This is a transcript of SYS Podcast Episode 434 – On the Writer’s Struggle To Get Read .

Welcome to Episode 434 of the selling your screenplay Podcast. I’m Ashley Scott Myers, screenwriter and blogger over at Today, I am interviewing screenwriter DeAndra Stone. She entered a screenplay into last year’s SYS Six Figure screenplay contest with her sci-fi screenplay relative state. And while she didn’t sell the script, one of our industry judges read it and really liked it. And he liked it enough that he hired her to rewrite a project that his company was developing. So, I have her on today to tell her story, how this writing gig came about, and how this writing gig is going. So, stay tuned for that interview. SYS Six Figure screenplay contest is open for submissions, but our regular deadline is May 31. So, if you’re listening to this before May 31, definitely enter as you can save a little bit of money by entering before on or before May 31. After that we have our final deadline on July 31. We’re looking for low budget shorts and features, I’m defining low budgets as anything that’s less than six figures. In other words, less than 1 million US dollars. As mentioned, we’ve got lots of industry judges reading scripts in the later rounds, we’re giving away 1000s in cash and prizes. And this year, we do have a short film category as well. So, if you have a short script, 30 pages or less, definitely enter that I’ve got a number of industry judges who are producers that are looking to produce some short scripts, so hopefully we can find a home for some of these short scripts as well.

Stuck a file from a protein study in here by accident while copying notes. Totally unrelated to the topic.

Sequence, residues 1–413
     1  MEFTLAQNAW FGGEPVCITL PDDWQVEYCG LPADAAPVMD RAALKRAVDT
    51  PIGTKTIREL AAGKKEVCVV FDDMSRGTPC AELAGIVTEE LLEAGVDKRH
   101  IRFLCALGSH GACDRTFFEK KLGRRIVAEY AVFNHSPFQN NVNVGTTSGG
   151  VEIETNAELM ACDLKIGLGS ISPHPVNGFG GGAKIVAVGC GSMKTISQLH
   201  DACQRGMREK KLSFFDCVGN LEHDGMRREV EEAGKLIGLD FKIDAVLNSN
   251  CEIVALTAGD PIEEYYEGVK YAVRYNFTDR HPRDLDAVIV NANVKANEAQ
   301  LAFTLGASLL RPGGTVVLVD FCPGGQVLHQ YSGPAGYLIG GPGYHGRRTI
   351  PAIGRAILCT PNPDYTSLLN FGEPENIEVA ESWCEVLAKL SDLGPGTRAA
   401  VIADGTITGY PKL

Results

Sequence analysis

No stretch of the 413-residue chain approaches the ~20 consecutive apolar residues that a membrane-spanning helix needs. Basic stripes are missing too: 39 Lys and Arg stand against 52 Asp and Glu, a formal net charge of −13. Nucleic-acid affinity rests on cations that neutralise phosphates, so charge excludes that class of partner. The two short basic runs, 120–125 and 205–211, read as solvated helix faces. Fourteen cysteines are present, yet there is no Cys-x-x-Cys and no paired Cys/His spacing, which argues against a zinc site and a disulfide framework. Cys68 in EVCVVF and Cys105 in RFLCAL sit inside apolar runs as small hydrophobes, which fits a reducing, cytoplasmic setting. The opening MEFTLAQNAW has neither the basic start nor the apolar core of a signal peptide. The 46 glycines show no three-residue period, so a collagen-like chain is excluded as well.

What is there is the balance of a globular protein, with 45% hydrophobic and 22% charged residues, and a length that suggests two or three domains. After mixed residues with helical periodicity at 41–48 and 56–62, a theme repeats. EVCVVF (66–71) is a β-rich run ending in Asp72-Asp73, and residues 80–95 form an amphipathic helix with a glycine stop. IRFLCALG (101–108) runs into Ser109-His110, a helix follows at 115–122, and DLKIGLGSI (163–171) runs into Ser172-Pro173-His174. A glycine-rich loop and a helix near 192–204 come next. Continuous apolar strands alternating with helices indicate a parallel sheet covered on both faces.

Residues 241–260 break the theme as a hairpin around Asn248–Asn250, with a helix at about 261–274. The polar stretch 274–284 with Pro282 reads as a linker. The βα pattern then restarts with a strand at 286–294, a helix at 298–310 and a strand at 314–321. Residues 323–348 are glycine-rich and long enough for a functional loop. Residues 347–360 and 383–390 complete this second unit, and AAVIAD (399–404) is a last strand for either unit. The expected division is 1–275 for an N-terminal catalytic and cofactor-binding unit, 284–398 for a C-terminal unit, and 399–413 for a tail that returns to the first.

If you want to submit or learn more about the contest, you can go to                                                  Also, this year, we are running an in-person Film Festival in Camden with our screenplay contest is for low budget films produced for less than 1 million US dollars. We have a features and shorts category there as well. Lots of industry judges will be looking at those films in the later rounds as well. The festival is going to take place in Hollywood, California, from October seven to the ninth if you produce a short film or a feature film, by all means definitely do submit it, these shorts are very easy to program, I can run two or three of them where I can even create like a whole block of an hour or two of just shorts. So, the shorts are very easy to kind of fit in between the features. So, I’m really encouraging people to submit shorts, I’m a big proponent of short films just as a good stepping stone away of learning. So, I want to showcase as many shorts as possible at the festival. And as I said, I should have the opportunity to do so we’ve got a lot of screen time. And so far, we don’t have a lot of feature films that have submitted. So, a good number of shorts have started to submit. But as looking now, as I said we’ll be screening the vast majority of the shorts that are submitted. Again, if you have a finished film and would like to submit the film, just go to                                                            you will see on there sort of a description of the contest, industry judges all of that sort of stuff, but then there’ll be a link to actually make the submission on Film Freeway. So, if you’re already on Film Freeway, you can find us there and it’s just SYS Six Figure Film Festival and Screenplay Contest. So, you can find us and enter there. We are just taking our submissions for the film festival through Film Freeway. You can submit your screenplay if you’re just submitting the screenplay through our site but with the film’s it just goes through Film Freeway. So once again, just check that out if you have a film that you want to submit If you find this episode valuable, please help me out by giving me a review in iTunes or leave me a comment on YouTube or retweeting the podcast on Twitter or liking or sharing it on Facebook. These social media shares really do help spread word about the podcast so they’re very much appreciated. Any websites or links that I mentioned the podcast can be found on my blog in the show notes. I also, publish a transcript with every episode in case you’d rather read the show or look at something later on. You can find all the podcast show notes at and then just look for episode number 434. If you want my free guide “How to Sell a Screenplay in Five Weeks”, you can pick that up by going to It’s completely free just put in your email address and I’ll send you a new lesson once per week for five weeks along with a bunch of bonus lessons. I teach the whole process of how to sell your screenplay in that guide. I’ll teach you how to write a professional logline and query letter and how to find agents managers and producers who are looking for material, really is everything you need to know to sell your screenplay just go to So, now let’s get into the main segment today I’m interviewing screenwriter DeAndre Stone here is the interview.